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Letters From The People

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Ki. Coi kikh: - At no tUne durliig Ihe past twcnty years lias tlicrc been fo inucli kiiking ut the equaliation coimnittee as has becu and stil 1 is msuie over thls work just completed. Iftlus complainin and criticiim sli:ill havo the effect toennse the board of supervisors of the futura to wlit a plan by wliich ach supervisor district eau bc equalixed with matheinafcal certainty, then the vijrorous belaborhig the "coui tv supervisors" have rreeived at the hands of the city press, espcchilly the Aun Arbor press, will not have been miMpeut. Property for assessing purposes shoulil bc valueil the Mme as for auy other purpose. Takc tlie sales of real estáte in each supervisor dislrict for the past yeur (or two years if necessary) and see how the supervisor has assessed those proporties, let these findings he the base fordetermining how they shoiild be eqnaHsed atul you have a basis tliat is mathematlcally correct. EtVorts have beeu made In the past to have this plan adopted, hut a majority of the supervisors fearinr, perhaps, its effect on thelr districts have invariably voted it down. The work of the last committee showa care and is as near correct in its concluslons as any other body of fivc men in the county could determine without more direct knowledjre than can be obtalned in pouring over the assessment rolls by the hour, varicd with an occaslonal visit and stay over night with eome incmberof the board. The criticisms of the city press liave beeu somewliat misleadin?, judging from what is said on the street and In the business places, and even so correct a man as P. L. Page n-ets far away from the trulli when he eays in a recent Issue of a city papen "The board of supervisors has raised the assesseè valuation of Ann Arbor city $5ar.000, and lias deereased the valuation of 14 or IS townships in sums varyin# frnm $20,000 to $07,000." The fiicts are the asRessed valuation of each supervisor district in the county remains intact. Not a dollar has been added to any district and not a dollar taken from any district. For the purpose of dividing the state and county taxes (and this is the object of county equalization) the board might have selected a su in much less in aniount than they did- say $10,000,000- wlth the same resiilt in apportioning the taxes, but it would appear to the superficial observer that ever; supervisor district had been reduced. The board had three schedules of equalization under consideration. One presented by the msjority of the committee, one preseuted by Mr. O'Hearn as the minority report of the committee, and one offered as a substituto by Mr. Bult, supervisor of the Oth and (Hh wardsof A-m Arbor. The following fijrures will show how much the city of Ann Arbor was salted by the adoption of the majority report rather than the substitute of Mr. Butts or the minority report of Mr. O'Hearn. The city of Ann Arbor has to pny In state and county taxes eight cents more on each $1,000 of assessed valuation than it would if Mr. Butts' substitute had been adopted, and a trille over 17 cents more on each $1,000 of wweWtd valuation tlmn t would if Mr. O'IIearn's minority repoit had heen adopted. While these Mjjures show the extent of the salling( ?) business in the city of Ann Arbor, let us see liow mnch mijnr has been ven the county. Take the committee s own towns, to wit: Vork is sweetened on eacli $1,000 one cent and one-balf. Dexter, a tritle over five cents on the $1,000. Pittslitld, the same. Sylvan, about four cents on each $1,000 as contrastcd with Mr. O'Hearn's minority report. How innocent this salting business appears when analyzed. How tame these figures aro and how insijrnilicant, too, whon contrasted with the array of ponderous fijrures that hive been thrown around this salting business. "Some would lush the ocean IdIo fury To wreek a navy or drowu a fly." Tlie "salt on the cities" will not retard the growth of our beautif ui city one iota, and tlie '"suirar for the conntrv" will not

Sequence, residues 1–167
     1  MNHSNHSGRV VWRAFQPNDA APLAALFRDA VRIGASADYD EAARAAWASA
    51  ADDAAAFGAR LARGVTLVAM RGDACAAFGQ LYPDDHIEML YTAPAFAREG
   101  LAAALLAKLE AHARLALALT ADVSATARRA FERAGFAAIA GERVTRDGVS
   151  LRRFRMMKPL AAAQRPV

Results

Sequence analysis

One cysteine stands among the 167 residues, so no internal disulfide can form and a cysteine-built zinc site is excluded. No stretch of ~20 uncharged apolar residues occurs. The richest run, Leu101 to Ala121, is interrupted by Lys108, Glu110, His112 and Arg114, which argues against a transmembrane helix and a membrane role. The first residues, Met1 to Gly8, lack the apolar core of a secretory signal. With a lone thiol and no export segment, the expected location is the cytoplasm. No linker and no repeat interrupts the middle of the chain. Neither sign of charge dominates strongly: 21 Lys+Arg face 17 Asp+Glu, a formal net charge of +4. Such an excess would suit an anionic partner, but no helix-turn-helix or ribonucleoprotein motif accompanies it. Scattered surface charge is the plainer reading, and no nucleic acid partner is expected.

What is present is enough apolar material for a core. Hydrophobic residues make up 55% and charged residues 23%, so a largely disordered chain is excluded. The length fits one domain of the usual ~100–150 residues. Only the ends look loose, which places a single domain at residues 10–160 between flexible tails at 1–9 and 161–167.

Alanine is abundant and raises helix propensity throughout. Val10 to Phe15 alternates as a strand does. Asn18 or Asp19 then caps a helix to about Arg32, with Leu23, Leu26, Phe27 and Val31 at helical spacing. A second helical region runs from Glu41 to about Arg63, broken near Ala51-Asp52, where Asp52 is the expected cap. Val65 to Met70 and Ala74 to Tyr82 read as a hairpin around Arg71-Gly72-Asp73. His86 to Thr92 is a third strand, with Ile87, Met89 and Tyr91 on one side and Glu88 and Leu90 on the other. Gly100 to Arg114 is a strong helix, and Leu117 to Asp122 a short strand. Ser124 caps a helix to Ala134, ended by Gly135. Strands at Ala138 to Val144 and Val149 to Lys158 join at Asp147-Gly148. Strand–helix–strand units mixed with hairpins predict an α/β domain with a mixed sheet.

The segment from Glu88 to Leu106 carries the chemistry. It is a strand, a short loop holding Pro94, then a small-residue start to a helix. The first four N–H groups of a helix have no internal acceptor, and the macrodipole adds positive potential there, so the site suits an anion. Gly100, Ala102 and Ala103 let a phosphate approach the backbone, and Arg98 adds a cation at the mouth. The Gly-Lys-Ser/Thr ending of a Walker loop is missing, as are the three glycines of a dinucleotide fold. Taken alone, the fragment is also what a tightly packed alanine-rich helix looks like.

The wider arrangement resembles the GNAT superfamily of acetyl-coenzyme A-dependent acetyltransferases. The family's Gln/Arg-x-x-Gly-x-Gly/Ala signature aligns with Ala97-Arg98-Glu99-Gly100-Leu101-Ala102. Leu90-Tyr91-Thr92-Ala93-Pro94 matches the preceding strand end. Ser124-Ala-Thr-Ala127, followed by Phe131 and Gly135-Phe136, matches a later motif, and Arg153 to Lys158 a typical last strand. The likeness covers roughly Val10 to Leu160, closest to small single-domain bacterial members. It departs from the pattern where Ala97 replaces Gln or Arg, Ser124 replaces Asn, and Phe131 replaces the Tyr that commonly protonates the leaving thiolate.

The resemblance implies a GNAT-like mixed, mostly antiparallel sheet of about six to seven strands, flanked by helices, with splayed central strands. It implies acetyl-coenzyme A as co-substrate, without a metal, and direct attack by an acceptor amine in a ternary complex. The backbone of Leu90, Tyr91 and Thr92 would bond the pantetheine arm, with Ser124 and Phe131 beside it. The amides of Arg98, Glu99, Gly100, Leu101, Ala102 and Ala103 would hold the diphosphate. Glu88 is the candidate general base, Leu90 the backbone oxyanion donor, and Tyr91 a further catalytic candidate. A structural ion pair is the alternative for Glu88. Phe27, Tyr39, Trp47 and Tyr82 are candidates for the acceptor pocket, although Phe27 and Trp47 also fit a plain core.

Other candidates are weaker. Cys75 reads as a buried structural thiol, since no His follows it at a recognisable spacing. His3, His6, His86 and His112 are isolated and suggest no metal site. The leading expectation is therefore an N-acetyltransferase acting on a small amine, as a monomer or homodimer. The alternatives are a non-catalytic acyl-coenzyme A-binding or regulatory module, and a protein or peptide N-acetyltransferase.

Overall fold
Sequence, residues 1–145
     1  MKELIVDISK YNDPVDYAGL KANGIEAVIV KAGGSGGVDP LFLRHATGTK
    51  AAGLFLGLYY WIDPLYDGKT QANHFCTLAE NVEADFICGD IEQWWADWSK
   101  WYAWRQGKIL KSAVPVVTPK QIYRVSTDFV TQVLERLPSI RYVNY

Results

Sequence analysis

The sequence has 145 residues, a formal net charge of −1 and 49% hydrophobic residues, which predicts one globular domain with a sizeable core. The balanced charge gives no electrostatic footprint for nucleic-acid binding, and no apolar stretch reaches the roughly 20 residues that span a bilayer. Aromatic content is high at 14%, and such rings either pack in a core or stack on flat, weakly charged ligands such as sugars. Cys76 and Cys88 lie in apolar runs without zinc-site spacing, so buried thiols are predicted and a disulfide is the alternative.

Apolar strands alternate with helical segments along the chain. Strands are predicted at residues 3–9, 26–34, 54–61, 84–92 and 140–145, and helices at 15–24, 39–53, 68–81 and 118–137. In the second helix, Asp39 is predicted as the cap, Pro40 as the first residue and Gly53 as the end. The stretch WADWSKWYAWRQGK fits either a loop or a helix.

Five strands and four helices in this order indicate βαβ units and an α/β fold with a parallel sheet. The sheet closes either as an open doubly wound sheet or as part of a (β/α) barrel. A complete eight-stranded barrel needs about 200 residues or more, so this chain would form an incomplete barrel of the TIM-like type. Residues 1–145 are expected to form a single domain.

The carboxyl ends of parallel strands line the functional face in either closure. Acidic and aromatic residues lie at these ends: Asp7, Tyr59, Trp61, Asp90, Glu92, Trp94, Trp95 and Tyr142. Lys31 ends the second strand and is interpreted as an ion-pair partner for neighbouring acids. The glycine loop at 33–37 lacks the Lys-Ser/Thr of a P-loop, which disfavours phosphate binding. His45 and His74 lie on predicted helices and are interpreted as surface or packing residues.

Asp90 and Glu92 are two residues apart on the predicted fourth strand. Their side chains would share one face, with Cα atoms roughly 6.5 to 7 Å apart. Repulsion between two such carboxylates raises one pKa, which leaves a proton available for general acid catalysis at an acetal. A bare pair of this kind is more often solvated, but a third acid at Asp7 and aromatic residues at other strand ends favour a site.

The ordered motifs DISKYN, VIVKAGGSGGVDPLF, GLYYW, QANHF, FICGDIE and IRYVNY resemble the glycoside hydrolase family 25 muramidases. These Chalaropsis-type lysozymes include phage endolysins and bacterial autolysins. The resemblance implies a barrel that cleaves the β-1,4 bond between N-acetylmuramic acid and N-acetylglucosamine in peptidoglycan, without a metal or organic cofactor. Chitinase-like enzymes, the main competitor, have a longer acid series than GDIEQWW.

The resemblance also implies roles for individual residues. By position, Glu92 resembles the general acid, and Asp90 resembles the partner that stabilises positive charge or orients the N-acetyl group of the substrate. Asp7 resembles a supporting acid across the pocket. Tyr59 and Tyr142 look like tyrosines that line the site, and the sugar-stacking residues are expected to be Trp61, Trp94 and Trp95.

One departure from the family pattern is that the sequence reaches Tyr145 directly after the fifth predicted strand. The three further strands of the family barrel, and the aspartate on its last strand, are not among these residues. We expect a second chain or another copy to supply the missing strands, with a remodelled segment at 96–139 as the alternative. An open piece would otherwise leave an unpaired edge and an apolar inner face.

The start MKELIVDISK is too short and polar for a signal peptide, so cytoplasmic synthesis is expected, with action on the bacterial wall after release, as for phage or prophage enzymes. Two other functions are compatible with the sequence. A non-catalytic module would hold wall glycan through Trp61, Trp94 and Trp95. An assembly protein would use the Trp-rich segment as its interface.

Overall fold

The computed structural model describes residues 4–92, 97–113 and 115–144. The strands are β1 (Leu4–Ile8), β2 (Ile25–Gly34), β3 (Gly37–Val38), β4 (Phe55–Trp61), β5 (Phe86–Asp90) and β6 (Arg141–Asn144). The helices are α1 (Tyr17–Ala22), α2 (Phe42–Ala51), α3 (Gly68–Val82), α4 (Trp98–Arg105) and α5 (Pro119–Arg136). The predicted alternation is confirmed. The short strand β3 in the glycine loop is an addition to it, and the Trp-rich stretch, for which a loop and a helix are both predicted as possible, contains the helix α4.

Ann Arbor Courier
Old News